Footprint Earth Foundation is active in your local community by supporting and leading urban reforestation activities.
Trees planted to date: 961
2020 Goal: 4,000
Do trees matter as much in an urban setting?
Our planet’s villages need more trees! This simple realization, decades ago, led to Plant With Purpose’s existence and work since. Eight countries and 30 million trees later, we believe in that statement even more. We’ve seen what trees can do!
In rural villages, trees help heal the soil so people can grow enough food to feed their families and bring in more income. They help protect water sources and prevent topsoil runoff during a storm or flood. They promote food security and reduce surface temperatures. Trees are a source of resilience for countless communities.
But what about a community like Toronto? Or San Diego? Or Houston, Minneapolis, Saint Paul? This is where Footprint Earth Foundation can help!
In urban settings like the Twin Cities, there is a strong correlation between the presence of trees and economic sufficiency. These correlations are also strong predictors of physical health, safety, and other positive outcomes.
Urbanization can come with a plethora of negative environmental effects, but the presence of urban trees can help mitigate a lot of these concerns. As the world’s urban population continues to increase, trees can help make these areas socioeconomically and environmentally fit.
Trees reflect community health
Large trees are natural air filters, especially in areas with urban pollutants and particles. These trees absorb toxins like carbon monoxide or sulfur oxides, and capture dust or smoke from the atmosphere with their leaves. In places with highly concentrated carbon emissions, these are very valuable.
When a single tree is mature, it can absorb around 150kg of carbon dioxide throughout a year. As cities become increasing contributors to climate change compared to rural areas, these trees can help offset those pollutants.
Trees not only help with climate in a global sense, but at a local level as well. Trees planted strategically can reduce air temperatures by 2-8 degrees Celsius. This is important for reducing a cities heat index.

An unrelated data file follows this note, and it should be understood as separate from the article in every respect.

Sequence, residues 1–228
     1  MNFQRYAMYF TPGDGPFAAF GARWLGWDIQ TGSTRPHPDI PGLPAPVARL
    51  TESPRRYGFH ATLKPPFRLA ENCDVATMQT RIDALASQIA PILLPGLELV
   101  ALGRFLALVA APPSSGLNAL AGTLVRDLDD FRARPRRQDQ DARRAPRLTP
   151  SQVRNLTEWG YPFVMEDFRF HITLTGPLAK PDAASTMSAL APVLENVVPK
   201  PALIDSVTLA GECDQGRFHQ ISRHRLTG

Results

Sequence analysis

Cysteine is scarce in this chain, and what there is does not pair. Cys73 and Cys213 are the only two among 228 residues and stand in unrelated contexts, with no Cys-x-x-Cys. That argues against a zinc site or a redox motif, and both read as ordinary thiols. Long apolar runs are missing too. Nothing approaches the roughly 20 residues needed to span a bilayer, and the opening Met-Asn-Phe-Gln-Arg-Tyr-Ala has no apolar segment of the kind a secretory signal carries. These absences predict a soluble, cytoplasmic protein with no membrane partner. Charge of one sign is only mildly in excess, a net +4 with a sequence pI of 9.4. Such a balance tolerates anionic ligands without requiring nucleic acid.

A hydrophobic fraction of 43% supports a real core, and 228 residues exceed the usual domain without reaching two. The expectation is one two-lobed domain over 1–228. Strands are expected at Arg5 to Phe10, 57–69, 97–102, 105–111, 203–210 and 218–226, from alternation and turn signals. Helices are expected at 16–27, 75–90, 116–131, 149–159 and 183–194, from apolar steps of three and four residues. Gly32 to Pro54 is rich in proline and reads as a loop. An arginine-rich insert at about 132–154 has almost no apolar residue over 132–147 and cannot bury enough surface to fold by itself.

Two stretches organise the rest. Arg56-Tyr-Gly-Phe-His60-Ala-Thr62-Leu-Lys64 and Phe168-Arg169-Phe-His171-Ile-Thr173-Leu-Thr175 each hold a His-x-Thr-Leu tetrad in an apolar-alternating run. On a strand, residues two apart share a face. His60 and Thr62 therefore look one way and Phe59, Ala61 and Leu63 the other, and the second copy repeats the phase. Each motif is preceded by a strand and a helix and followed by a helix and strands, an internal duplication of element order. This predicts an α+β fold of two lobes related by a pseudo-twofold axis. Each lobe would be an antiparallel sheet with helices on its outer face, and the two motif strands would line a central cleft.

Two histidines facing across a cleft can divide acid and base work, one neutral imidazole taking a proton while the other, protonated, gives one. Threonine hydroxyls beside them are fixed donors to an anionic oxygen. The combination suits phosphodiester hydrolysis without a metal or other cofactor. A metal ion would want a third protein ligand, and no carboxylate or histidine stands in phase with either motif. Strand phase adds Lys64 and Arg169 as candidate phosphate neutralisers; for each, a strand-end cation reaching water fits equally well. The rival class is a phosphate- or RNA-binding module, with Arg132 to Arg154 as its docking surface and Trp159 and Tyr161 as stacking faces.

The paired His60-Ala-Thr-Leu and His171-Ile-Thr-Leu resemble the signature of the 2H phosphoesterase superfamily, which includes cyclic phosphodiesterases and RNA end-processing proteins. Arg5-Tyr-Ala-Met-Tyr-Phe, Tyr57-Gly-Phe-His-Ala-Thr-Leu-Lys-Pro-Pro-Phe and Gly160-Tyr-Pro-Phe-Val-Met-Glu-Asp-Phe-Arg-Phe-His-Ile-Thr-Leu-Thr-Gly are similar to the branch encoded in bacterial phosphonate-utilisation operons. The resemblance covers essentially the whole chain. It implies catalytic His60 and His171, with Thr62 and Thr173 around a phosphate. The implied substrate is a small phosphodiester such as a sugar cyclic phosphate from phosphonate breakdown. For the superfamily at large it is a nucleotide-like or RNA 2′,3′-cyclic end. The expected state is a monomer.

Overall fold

A heat map of most urban cities reveal a correlation between heat and a number of undesirable outcomes. The hottest neighborhoods of most cities are typically its poorest. These are also the areas where health concerns are the highest, including respiratory illness, stroke, and heart disease.
This cooling effect of trees can reduce carbon emissions, not just by absorbing pollutants, but by conserving energy. Strategic tree placement around an office or residential building can help reduce air conditioning and heating needs by anywhere from 20-60 percent. This “triple-win” scenario means increased property value, higher financial savings, a healthier environment, and more comfortable occupants.
In an urban setting, Urban Tree Canopy helps measure the presence of trees
Urban Tree Canopy is a way of measuring urban forestry. Similar to methods used to measure the presence of trees in rural watersheds, this measurement relies on aerial sensors to measure vegetative space.
The ideal tree cover for a city varies from location to location. Determining factors may include year round climate variations, water security, and the species of trees that grow. Some of the cities with the most tree coverage hover around 50%.
Atlanta, Georgia has the highest urban tree canopy in the United States, at 47.9%. Just below, but also between 40-50% are Charlotte, North Carolina and Pittsburgh, Pennsylvania. These score higher than many Northwestern cities, despite the larger amounts of rainfall in cities like Seattle, Washington (28%) or Portland, Oregon (30%).
Beyond looking at cities as a whole though, there is a need to look at specific neighborhoods to see where tree cover is dispersed inequitably. “If we show you a map of tree canopy in virtually any city in America, we’re also showing you a map of income,” says Jad Daley, president of American Forests. “And in many cases we’re showing you a map of race and ethnicity.”
Unfortunately many cities continue to lose tree cover each year. Last year, Louisville, Kentucky lost around 54,000 trees to make room for development. However, as knowledge around the importance of trees spreads, there is a chance for them to grow more abundantly.